Kids love games, and we can use them for a fun introduction to our lessons too. Give kids puzzle pieces and have them work in teams to construct a simple puzzle of items linked to your lesson. Once all puzzles are done, have the kids figure out the connection. It might take a few minutes, but categorizing information is a skill all kids need for life.


We think of word sorts being used for spelling, but what about concept sorts. If you give students words related to your unit and have the group them, you'll be surprised what they come up with for categories. Alone, a concept sort could be tough, but doing it in cooperative groups, creates opportunities for deeper discussion. Concept sorts work well as a post-lesson assessment too.


With little people, you might draw it out. You can draw a mystery picture and have them figure out what it is and how it's connected to the lesson. You might try a quick directed drawing activity and discuss the connection. Your art teacher will love this one! 


Place a piece of paper at each of your tables with a guiding question. Have your kids work in teams to add responses to it, or kids can start their own pages and circulate the pages around the table. When I've circulated papers, I normally print my questions ahead of time and give each table one of each. Then, we share the ideas at the end. Kids really love this activity.


We all wonder about things and wonderings can make great hooks. If you're getting ready to read about gray wolves, you can have your kids share things they know and things they wonder about them. As you read, these guiding questions would likely be answered leading to great discussion.


A few years ago, I read Tanny McGregor's Comprehension Connections, and the thing I took away from it was the importance of starting with something concrete that kids can put their hands on. Bringing in a seed packet, glass jar, prism, or binoculars and connecting the item to the lesson generates curiosity and later helps kids remember.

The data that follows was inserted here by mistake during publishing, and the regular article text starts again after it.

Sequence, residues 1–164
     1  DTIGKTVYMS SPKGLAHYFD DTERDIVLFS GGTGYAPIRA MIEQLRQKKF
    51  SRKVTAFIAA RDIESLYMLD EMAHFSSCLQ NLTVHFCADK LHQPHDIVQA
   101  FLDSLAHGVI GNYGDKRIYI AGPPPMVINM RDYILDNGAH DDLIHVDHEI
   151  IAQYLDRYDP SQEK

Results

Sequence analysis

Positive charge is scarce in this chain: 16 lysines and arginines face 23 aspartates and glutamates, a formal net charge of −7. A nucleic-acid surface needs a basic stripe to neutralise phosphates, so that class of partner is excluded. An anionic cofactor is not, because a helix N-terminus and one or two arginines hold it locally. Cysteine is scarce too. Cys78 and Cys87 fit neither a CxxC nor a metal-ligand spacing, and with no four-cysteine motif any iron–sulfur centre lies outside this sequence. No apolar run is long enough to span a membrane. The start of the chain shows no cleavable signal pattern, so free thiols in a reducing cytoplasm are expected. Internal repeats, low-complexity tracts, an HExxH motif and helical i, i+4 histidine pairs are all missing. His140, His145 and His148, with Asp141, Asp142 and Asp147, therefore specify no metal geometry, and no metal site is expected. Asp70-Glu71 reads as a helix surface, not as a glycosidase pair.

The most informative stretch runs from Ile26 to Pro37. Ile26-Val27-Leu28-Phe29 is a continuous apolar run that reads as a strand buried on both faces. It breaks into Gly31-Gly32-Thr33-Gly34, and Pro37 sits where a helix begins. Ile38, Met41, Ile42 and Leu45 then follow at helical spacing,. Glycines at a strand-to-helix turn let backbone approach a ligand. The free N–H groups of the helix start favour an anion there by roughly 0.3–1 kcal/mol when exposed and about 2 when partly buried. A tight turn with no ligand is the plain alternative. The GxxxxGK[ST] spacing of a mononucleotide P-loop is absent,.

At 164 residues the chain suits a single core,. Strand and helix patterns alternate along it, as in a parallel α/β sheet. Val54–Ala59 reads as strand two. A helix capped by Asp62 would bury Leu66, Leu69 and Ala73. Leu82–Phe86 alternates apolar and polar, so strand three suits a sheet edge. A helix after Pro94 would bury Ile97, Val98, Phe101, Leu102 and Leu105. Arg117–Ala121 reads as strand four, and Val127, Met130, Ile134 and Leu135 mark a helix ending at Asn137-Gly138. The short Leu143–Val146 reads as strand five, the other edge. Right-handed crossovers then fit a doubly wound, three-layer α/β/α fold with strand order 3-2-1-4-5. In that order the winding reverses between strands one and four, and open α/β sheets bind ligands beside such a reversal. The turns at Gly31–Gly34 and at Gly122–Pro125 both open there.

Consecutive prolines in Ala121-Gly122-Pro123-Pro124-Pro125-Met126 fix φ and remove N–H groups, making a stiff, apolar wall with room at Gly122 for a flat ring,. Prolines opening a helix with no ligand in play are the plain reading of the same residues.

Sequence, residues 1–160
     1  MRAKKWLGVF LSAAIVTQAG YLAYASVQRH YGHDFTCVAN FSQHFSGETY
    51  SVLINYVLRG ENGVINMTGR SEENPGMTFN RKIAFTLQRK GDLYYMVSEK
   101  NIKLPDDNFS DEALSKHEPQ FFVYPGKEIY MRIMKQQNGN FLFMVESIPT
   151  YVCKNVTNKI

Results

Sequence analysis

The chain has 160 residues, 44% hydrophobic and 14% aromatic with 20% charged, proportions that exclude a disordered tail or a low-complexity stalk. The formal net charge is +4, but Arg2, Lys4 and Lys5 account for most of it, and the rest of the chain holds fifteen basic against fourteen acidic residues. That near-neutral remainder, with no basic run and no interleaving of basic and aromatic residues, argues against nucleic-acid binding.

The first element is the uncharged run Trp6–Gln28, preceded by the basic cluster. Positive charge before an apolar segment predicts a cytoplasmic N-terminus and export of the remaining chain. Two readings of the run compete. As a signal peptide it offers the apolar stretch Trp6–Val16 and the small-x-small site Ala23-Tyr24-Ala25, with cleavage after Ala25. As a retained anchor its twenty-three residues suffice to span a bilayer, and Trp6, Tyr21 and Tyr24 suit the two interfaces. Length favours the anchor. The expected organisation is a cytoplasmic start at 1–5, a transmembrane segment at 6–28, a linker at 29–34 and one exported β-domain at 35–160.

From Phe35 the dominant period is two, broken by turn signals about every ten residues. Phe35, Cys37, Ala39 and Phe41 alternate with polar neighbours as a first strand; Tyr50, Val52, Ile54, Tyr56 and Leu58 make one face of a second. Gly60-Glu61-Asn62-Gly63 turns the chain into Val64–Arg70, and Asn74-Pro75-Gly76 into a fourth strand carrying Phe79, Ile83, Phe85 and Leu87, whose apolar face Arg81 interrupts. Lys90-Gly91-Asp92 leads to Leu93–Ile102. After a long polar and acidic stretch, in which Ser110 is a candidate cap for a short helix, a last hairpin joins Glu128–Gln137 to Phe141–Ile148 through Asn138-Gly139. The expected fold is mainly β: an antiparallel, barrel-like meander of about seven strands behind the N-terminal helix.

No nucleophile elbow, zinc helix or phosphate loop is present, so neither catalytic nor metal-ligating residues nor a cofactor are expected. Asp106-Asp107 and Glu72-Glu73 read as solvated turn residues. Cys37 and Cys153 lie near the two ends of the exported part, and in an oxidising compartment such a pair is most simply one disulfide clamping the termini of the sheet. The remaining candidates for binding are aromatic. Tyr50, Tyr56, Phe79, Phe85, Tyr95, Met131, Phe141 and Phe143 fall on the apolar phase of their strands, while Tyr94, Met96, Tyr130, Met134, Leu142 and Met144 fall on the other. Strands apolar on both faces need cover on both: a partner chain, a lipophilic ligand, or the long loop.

Need to hook your "fish" in? Check out this post for activator ideas that your students will love. Choosing fun ways to build interest is the bait you need, right? Freebies included.


I'm not advising you go play in the snow here. This idea is LOTS of fun though. Give each child a blank piece of paper and ask a question related to the topic you are teaching. Have the children respond, crumple their paper, and throw them in a pile. Then, have the children pick up another. Share the responses as a lead into the lesson. 


The last favorite of mine is mystery bag. I love bringing in a related item in a bag for the kids to figure out with yes/no questions. It grabs the attention every time. In a recent lesson I did, I put a large magnifying glass in the bag. It took the kids all 20 questions to get the answer, but it led into the modeling step well since I was teaching close reading techniques.


This guided reading binder includes PRINT AND GO pages you can use with any book for a wide variety of skills. Check out the preview for it on Teachers Pay Teachers Do you keep a Guided Reading Binder or Digital Folder? I highly recommend this. Mine is divided by skill/purpose. I keep all activators in a section, skillwork in a section, and post reading ideas in a section. It streamlines things for me, and when I made one for the staff at my school, they really appeciated it. I put it with our leveled library to so they could grab and go what they needed. If you like the freebie ideas provided, you'll probably like this set. Here is a quick preview. For more
details, click the image to the left.

Certainly, I could have added quite a few more to this list of activators, but I hope I shared a few you haven't tried before. Of course, there are lots of variations you can use for any of these too. If you have fun ideas to share, please do. I'd love to grab a few ideas myself. 😁